"No vote tonight," Majority Whip Kevin McCarthy, R-Calif., told reporters late Thursday, hours after a planned vote earlier Thursday was delayed while GOP leaders searched for enough votes from recalcitrant Republican House members to secure passage for the bill.
The Rules Committee was to convene late Thursday to pass a rule permitting work on the bill to resume Friday, The Hill reported.
The GOP bill would raise the federal debt ceiling by $900 billion and cut spending by $912 billion, a plan 51 Democrats and two Independents in the Senate have already said they will vote against.
House Rules Committee Chairman David Dreier, R-Calif., called the Boehner plan "the closest thing to a bipartisan agreement."
"I don't like this measure, but I'm voting for it. … I want to make sure the United States of America does not default. I urge my colleagues in the name of sanity … that we pass this measure," Dreier said.
Minority Whip Steny Hoyer, D-Md., lambasted the bill, saying, "There is no common ground here, nor was it sought." Hoyer went on to call the plan an "intolerable" motion designed to create a "political impasse" yielding "catastrophic consequences."
Rep. Sander Levin, D-Mich., echoed Hoyer, saying: "This bill is not bipartisan. The vote will soon show that. It is not a compromise. It brings more uncertainty. A bill that is a bridge to nowhere between our two houses."
Rep. Earl Blumenauer, D-Ore., accused Republicans of playing a "reckless, hypocritical and abusive" game of "fiscal chicken, threatening the full faith and credit of the United States for their own ideological agenda."
Ways and Means Committee Chairman Dave Camp, R-Mich., said the bill incorporates many of the elements sought by Senate Majority Leader Harry Reid, D-Nev., and repeatedly asked his Democratic colleagues, "Where is your plan?"
Before the vote was postponed, House Majority Leader Eric Cantor, R-Va., called the plan a "compromise bill" that should be sent to the Senate Thursday.
Prior to the rules vote that began the debate, House Democrats rose to denounce what they called "the Republican Default Act."
"The Republican Party's deficit plan is very simple," said Rep. Edward Markey, D-Mass. "One, prolong the default crisis. Two, push the nation to the very brink of economic collapse. Three, repeat it all again and again, until Election Day 2012."
Robert Greenstein, president of the Center on Budget and Policy Priorities, has said the Boehner bill "could well produce the greatest increase in poverty and hardship produced by any law in modern history."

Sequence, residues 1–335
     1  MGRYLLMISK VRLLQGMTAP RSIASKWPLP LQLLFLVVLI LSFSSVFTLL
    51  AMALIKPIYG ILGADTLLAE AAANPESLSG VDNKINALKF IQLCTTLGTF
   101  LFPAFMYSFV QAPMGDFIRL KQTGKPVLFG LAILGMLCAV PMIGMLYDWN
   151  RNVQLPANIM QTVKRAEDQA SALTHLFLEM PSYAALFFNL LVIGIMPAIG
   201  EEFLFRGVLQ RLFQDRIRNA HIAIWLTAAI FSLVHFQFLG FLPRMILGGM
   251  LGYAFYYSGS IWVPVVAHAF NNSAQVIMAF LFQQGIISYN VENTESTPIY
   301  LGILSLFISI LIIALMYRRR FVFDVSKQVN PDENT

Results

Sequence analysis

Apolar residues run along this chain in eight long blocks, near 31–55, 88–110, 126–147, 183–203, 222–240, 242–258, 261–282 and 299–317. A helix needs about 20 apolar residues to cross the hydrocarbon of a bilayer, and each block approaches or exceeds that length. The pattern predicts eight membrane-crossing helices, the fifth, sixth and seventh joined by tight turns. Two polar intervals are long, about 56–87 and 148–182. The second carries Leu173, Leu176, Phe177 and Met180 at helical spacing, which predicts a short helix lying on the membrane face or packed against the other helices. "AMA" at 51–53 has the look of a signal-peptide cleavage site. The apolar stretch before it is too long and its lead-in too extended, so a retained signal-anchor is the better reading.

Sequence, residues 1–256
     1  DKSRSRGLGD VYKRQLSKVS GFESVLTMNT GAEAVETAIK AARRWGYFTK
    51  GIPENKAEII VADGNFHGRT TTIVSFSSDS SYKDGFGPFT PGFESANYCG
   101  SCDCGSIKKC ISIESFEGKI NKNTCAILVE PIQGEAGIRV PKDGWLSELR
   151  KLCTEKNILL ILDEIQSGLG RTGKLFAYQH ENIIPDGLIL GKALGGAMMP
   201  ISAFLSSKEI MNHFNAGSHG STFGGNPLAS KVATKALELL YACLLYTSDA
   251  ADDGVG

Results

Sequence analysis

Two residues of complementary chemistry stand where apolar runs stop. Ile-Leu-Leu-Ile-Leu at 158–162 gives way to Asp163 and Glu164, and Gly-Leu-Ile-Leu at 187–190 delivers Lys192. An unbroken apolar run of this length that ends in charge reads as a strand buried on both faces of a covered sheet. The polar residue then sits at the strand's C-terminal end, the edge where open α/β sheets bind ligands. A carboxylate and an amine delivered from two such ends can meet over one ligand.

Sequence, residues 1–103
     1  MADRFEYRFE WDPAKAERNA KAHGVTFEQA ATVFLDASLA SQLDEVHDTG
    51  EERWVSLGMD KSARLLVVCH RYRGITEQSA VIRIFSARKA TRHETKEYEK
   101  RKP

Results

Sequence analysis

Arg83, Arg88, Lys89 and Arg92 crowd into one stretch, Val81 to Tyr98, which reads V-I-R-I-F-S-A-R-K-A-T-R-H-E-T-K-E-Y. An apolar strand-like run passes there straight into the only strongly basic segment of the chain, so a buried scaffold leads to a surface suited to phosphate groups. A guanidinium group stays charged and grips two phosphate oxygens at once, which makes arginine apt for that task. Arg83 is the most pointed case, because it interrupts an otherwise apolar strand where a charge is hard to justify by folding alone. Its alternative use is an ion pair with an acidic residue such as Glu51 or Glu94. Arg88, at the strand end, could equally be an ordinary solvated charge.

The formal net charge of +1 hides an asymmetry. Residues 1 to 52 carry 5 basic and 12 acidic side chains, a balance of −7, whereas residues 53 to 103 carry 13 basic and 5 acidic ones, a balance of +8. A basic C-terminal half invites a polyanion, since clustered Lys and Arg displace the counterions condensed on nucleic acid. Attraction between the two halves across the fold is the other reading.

Meanwhile, Sen. Kent Conrad, D-N.D., said Thursday the so-called Gang of Six in the Senate was waiting for both the Reid and Boehner plans to fail so they can draft their own proposal.
"Speaker Boehner's plan may or may not pass the House. I assume it will, Conrad told Fox News Channel. "But it will fail in the Senate. Senator Reid has a plan … but I think it's likely that at this moment that won't get cloture, won't get 60 votes."
Reid, speaking shortly after the House rules vote, said if the bill reaches the Senate "it will be defeated."
"No Democrat will vote for a short-term Band-Aid approach. Economists have said that a short-term arrangement holds many of the same risks as a technical default. … Our economy and the financial markets desperately need stability. Speaker Boehner's bill does not provide either," Reid said.
White House spokesman Jay Carney told reporters Thursday he believes a compromise will be achieved.
"We continue to believe and remain optimistic that Congress will come to its senses, that cooler heads will prevail," Carney said. "It really isn't that complicated at this point. What we need to do is get beyond voting on dead-on-arrival measures that aren't going to become law when we have so few days left to reach a compromise. … We believe that's going to happen. …
"There are a lot of ways to get to compromise here and that is what the American people, I think, really want us to do is to compromise, not stick it to anybody, not score political victories and see who can be blamed for the economic damage that would be done by the fight here," Carney said.
Fourteen top bank and other executives -- members of the Financial Services Forum -- Thursday sent a letter to the White House and Congress demanding action this week.
"The consequences of inaction -- for our economy, the already struggling job market, the financial circumstances of American businesses and families, and for America's global economic leadership -- would be very grave," the bankers warned.
"Our economic recovery remains very fragile. A default on our nation's obligations, or a downgrade of America's credit rating, would be a tremendous blow to business and investor confidence -- raising interest rates for everyone who borrows, undermining the value of the dollar, and roiling stock and bond markets -- and, therefore, dramatically worsening our Nation's already difficult economic circumstances."
Efforts to corral GOP caucus votes Wednesday included Boehner telling Republican colleagues to "get your ass in line" behind his measure that would grant President Obama a limited increase in the $14.3 trillion debt ceiling.